The other important part of trademarks is that you want to make the trademarks as specific as possible to keep things defensible. A game simply titled “Ascent” would have a very weak trademark, since that’s just a normal English word and not terribly distinctive. Ascent: Infinite Realm is distinctive, however, and thus makes it easier to defend the trademark if it comes up in court. Made-up words are also usually gold, which makes H1Z1 a particularly easy trademark to defend (that’s not likely to come up in casual conversation, after all).
Most often, MMOs deal with copyright issues, which is a bit fuzzier. By design, that is. Where trademark refers to what you use to identify the product, copyright refers to what’s actually in it, and it’s intentionally based more upon perception and similarity than it is strict usage. It’s the set of laws that govern intellectual properties because the entire notion of intellectual property comes about as part of copyright.
Consider Guild Wars 2. The world of Tyria, the Six, the Elder Dragons, Elona, the Sylvari, the Charr, and so forth are not necessarily trademarked. But it’s clear that all of those story elements are designed to be distinct and identifiable portions of the original work in question. Another title that transparently filed the serial numbers off these concepts to produce the exact same world would be violating ArenaNet’s copyright.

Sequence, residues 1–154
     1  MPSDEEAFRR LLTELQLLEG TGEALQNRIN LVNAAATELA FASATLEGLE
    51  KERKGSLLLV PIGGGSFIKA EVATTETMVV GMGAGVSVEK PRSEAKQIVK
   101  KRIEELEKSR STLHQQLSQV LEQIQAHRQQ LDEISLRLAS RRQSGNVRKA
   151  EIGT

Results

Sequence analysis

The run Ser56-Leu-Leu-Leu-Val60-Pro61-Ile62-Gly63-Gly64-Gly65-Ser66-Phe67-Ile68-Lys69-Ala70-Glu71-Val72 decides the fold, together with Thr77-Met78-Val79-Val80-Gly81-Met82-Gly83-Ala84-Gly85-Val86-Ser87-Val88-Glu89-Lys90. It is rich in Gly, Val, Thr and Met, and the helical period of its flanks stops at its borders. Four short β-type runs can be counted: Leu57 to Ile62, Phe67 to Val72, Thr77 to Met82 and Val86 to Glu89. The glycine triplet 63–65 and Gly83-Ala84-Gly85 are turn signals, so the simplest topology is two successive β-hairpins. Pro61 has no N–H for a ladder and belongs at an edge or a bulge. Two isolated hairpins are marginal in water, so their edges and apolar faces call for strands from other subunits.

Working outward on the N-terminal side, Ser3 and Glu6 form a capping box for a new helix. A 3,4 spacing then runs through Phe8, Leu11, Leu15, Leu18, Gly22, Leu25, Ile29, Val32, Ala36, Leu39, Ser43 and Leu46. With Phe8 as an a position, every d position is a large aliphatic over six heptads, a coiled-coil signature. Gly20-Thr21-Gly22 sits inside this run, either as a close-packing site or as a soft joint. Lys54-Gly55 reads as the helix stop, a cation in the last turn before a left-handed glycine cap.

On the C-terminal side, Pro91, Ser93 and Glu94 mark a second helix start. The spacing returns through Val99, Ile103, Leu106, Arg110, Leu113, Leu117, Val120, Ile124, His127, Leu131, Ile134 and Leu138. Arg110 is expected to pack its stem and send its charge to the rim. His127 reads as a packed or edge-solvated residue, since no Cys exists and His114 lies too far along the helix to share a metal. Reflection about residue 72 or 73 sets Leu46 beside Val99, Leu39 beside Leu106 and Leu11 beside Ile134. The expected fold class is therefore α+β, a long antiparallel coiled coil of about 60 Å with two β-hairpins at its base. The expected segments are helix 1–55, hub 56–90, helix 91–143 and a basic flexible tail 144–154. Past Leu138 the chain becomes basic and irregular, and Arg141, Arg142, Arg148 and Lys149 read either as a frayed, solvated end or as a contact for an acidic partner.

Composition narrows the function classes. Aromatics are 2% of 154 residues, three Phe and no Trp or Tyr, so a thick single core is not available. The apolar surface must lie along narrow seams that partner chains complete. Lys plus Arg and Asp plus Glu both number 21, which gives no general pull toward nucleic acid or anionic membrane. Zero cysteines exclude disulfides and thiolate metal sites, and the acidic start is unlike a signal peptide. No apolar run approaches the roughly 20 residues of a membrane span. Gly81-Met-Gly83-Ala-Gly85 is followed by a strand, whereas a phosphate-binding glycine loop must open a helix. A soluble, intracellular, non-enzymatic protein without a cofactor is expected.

Or, to extend the above analogy, if I released a comic book about a short Canadian man with three retracting claws, a healing factor, and anger management issues, it wouldn’t matter if I titled it “Captain Short-and-Mad.” I might not be infringing upon Marvel trademarks with that, but I’m pretty clearly infringing upon copyright in the process.
Copyright is rather intentionally vague and reliant on judgement calls. Despite what a lot of people like to claim, there is no “change X number of things” or “change X% of the work” that will avoid copyright infringement. Neither does fair use work as a be-all catch-all to avoid copyright infringement. You can claim that the copyright infringements in question are covered under fair use, but you still have to prove that you are acting according to the principles of fair use (which doesn’t cover nearly as much as you might think it does).